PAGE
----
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The Haters
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The Haters
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From Jesse Andrews, author of the New York Times bestselling Me and Earl and the Dying Girl and screenwriter of the Sundance award–winning motion picture of the same name, comes a groundbreaking...
From Jesse Andrews, author of the New York Times bestselling Me and Earl and the Dying Girl and screenwriter of the Sundance award–winning motion picture of the same name, comes a groundbreaking...
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Description-

  • From Jesse Andrews, author of the New York Times bestselling Me and Earl and the Dying Girl and screenwriter of the Sundance award–winning motion picture of the same name, comes a groundbreaking young adult novel about music, love, friendship, and freedom as three young musicians follow a quest to escape the law long enough to play the amazing show they hope (but also doubt) they have in them.

    Inspired by the years he spent playing bass in a band himself, The Haters is Jesse Andrews's road trip adventure about a trio of jazz-camp escapees who, against every realistic expectation, become a band.

    For Wes and his best friend, Corey, jazz camp turns out to be lame. It's pretty much all dudes talking in Jazz Voice. But then they jam with Ash, a charismatic girl with an unusual sound, and the three just click. It's three and a half hours of pure musical magic, and Ash makes a decision: They need to hit the road. Because the road, not summer camp, is where bands get good. Before Wes and Corey know it, they're in Ash's SUV heading south, and The Haters Summer of Hate Tour has begun.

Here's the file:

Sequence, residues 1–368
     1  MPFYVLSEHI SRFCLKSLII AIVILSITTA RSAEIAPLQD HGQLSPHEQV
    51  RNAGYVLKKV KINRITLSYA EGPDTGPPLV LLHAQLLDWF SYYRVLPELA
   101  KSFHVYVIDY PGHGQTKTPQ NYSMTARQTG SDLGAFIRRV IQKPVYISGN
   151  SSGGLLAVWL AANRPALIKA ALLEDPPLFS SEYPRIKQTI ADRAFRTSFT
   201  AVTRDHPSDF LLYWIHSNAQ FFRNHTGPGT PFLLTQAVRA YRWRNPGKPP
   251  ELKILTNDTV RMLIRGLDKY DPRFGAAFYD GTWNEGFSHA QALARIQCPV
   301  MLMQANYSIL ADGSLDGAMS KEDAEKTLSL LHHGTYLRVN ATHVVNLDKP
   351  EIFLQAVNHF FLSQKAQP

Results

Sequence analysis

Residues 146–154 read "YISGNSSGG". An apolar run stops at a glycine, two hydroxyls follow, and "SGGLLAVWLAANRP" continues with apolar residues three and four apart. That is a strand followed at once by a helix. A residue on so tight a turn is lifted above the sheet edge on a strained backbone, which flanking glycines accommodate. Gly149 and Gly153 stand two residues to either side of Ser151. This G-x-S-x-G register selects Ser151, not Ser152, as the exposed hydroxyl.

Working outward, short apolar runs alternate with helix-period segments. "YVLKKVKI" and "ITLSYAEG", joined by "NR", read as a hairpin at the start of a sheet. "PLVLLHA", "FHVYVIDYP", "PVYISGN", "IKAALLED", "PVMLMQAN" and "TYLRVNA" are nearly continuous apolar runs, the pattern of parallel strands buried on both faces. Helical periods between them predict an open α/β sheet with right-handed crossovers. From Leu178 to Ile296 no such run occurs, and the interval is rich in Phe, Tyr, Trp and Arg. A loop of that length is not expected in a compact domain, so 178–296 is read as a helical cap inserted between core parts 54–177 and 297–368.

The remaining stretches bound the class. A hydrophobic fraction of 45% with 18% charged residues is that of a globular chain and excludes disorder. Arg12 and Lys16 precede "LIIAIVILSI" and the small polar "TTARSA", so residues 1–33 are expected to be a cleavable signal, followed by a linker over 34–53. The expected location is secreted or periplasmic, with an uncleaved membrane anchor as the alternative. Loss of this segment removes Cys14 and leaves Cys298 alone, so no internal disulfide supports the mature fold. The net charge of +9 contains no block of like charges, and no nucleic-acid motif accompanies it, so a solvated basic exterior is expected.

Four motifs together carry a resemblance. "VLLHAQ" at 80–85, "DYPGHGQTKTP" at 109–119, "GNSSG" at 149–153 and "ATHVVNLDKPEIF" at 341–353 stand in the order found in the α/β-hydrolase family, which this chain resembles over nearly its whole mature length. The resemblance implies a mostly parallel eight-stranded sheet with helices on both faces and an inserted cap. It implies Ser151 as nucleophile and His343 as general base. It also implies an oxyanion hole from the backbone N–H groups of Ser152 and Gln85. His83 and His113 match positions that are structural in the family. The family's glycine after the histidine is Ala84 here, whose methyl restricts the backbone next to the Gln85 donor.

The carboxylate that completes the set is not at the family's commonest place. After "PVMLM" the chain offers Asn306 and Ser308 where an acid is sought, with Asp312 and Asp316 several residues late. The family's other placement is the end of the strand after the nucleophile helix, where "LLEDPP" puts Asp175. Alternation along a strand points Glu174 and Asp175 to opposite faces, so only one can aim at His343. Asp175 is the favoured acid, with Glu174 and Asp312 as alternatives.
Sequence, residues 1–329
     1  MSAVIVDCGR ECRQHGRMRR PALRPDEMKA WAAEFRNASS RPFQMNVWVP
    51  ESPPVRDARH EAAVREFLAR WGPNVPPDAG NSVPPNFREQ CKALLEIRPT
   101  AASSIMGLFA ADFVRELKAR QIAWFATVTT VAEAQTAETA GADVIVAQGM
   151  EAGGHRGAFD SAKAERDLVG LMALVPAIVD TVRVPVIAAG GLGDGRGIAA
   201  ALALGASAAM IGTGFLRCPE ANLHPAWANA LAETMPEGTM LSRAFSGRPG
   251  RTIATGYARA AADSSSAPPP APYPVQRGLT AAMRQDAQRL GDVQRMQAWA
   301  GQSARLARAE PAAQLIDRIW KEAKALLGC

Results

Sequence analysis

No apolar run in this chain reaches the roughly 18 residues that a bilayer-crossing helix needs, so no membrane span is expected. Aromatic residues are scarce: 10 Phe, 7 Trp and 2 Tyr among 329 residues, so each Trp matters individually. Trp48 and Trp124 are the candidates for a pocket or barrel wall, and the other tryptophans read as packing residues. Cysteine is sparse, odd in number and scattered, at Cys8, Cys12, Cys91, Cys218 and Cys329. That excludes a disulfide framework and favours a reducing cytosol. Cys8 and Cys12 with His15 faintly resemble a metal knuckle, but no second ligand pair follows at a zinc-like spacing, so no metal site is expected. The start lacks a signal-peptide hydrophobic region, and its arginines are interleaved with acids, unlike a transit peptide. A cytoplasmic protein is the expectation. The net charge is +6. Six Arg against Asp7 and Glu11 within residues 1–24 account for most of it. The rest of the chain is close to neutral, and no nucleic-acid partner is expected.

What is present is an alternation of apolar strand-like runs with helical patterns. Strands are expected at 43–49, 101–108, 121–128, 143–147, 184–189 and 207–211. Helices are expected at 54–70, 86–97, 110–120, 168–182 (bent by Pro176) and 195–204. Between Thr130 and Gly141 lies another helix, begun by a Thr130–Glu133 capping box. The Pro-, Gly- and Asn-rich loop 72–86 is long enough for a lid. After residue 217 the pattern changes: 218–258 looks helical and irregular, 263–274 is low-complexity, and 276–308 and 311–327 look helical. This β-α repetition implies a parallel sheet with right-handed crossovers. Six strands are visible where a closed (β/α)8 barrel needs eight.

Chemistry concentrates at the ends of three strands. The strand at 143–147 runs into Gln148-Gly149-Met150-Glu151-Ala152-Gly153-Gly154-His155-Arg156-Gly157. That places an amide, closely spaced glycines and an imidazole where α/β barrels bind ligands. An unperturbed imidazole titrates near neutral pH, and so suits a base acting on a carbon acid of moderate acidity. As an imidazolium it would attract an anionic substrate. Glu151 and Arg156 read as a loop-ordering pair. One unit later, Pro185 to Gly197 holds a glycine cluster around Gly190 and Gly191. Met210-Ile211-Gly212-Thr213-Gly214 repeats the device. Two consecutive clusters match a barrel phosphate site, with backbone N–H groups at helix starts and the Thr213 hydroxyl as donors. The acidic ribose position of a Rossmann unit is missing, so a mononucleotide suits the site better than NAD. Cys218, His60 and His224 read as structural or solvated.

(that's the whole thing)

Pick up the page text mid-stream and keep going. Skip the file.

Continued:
In his second novel, Andrews again brings his brilliant and distinctive voice to YA, in the perfect book for music lovers, fans of The Commitments and High Fidelity, or anyone who has ever loved—and hated—a song or a band. This witty, funny coming-of-age novel is contemporary fiction at its best.

About the Author-

  • Jesse Andrews is the author of Me and Earl and the Dying Girl, which is now a major motion picture and winner of the Sundance 2015 Audience Award and Grand Jury Prize. Andrews is also a musician and screenwriter. He lives in Boston. jesseandrews.com.

Reviews-

  • Publisher's Weekly

    January 18, 2016
    After meeting at jazz camp, what might be the world’s worst musical trio decides to ditch the camp and go on a road trip, determined to play at any venue that will have them. Teenage best friends Wes (bass) and Corey (drums) join up with a mercurial, dynamic girl named Ash (guitar) and head out on the highway, aiming for adventure but finding wacky hijinks and weird people. There’s yelling, bad decisions, marijuana-fueled interludes, impromptu jam sessions, and way too much caffeine and junk food, and it all comes to a head when they realize it’s time to face the music. Andrews (Me and Earl and the Dying Girl) loads his gonzo road trip with offbeat humor, philosophical musings, and musical references and debate, augmenting the narrative with fake Wikipedia entries, flashbacks, and screenplay-format exchanges. Wes’s narrative voice is casual and believable, and while not all of the stylistic quirks pay off (such as an extended “drug experience gone wrong,” as Wes puts it), but as a love letter to music and following one’s dreams, it’s just right. Ages 13–up. Agent: Claudia Ballard, William Morris Endeavor.